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To: Tom Clarke who wrote (63)2/12/2019 12:16:19 PM
From: goldworldnet
   of 117
 
According to Merriam-Webster proactive was first used in 1933.

More recently there is pro-life (1960) and pro-choice (1973).

Wellness is much older and dates back to 1653.

Josh

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To: Tom Clarke who wrote (63)2/12/2019 1:03:44 PM
From: Carolyn
1 Recommendation   of 117
 
Impact as a verb

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To: Carolyn who wrote (67)2/12/2019 6:13:15 PM
From: Tom Clarke
1 Recommendation   of 117
 
Parent as a verb.

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To: goldworldnet who wrote (66)2/12/2019 6:15:09 PM
From: Tom Clarke
1 Recommendation   of 117
 
One can act, or take action. Can one proact?

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From: DMaA2/15/2019 4:53:30 PM
1 Recommendation   of 117
 
Tasseography - fancy word for reading tea leaves.

en.wikipedia.org

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To: DMaA who wrote (64)2/16/2019 9:26:02 AM
From: Tom Clarke
1 Recommendation   of 117
 
hackles

>>Mel Brooks actually pinpointed “k” as the comedy catch-all in Melvin Helitzer’s book Comedy Writing Secrets. “Instead of saying ‘salmon’, ‘turkey’ is a funnier sound,” he says. He is also said to have called the “k” sound the funniest sound in the English language.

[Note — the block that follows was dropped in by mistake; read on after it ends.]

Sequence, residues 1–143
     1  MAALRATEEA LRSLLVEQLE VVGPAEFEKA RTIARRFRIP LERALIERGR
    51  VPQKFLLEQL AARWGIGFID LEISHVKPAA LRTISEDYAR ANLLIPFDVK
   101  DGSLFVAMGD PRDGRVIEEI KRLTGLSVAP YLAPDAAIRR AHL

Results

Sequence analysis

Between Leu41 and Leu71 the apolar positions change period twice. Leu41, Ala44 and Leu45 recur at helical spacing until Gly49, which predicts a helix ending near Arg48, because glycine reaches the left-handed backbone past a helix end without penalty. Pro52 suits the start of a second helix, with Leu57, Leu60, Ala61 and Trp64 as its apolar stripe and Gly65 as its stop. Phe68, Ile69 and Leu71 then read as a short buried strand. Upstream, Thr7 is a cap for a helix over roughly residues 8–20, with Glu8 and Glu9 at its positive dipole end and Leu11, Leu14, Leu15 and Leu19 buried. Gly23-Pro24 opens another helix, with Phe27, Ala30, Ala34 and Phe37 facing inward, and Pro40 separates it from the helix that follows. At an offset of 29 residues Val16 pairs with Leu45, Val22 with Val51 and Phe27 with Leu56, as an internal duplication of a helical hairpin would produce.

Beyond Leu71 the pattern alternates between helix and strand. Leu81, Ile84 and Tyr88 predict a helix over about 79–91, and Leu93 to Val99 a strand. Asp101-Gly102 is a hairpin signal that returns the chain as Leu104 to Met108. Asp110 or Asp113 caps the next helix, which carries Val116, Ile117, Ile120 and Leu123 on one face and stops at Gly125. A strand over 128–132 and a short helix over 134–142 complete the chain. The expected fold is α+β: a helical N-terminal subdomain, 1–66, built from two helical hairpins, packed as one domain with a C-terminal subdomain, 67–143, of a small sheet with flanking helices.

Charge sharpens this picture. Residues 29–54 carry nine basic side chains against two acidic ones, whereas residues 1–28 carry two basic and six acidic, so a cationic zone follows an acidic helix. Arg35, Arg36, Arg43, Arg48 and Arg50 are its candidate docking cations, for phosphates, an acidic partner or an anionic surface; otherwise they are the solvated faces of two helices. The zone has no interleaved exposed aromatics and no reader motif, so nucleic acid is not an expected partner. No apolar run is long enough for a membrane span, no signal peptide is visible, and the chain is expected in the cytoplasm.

newscientist.com

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To: goldworldnet who wrote (66)2/21/2019 6:37:01 PM
From: Tom Clarke
1 Recommendation   of 117
 
loquacious and bodacious, often used in the same sentence by the immortal Walt Clyde Frazier when calling Knicks games.

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From: DMaA3/4/2019 9:09:30 PM
   of 117
 
Fantod:
1. a: a state of irritability and tension
b: Fidgets.

2: an emotional outburst.

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From: DMaA3/4/2019 9:38:05 PM
   of 117
 
Ausonia - the ancient Greek name for lower Italy, extended poetically to all Italy

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From: DMaA3/16/2019 11:07:13 AM
   of 117
 
Hypocorism

A hypocorism is a diminutive form of a name. Hypocorisms include pet names or calling names, often a diminutive or augmentative form of a word or given name when used as a nickname or term of endearment.

Hat Tip to carranza2 for using it to explain Beto's nickname.

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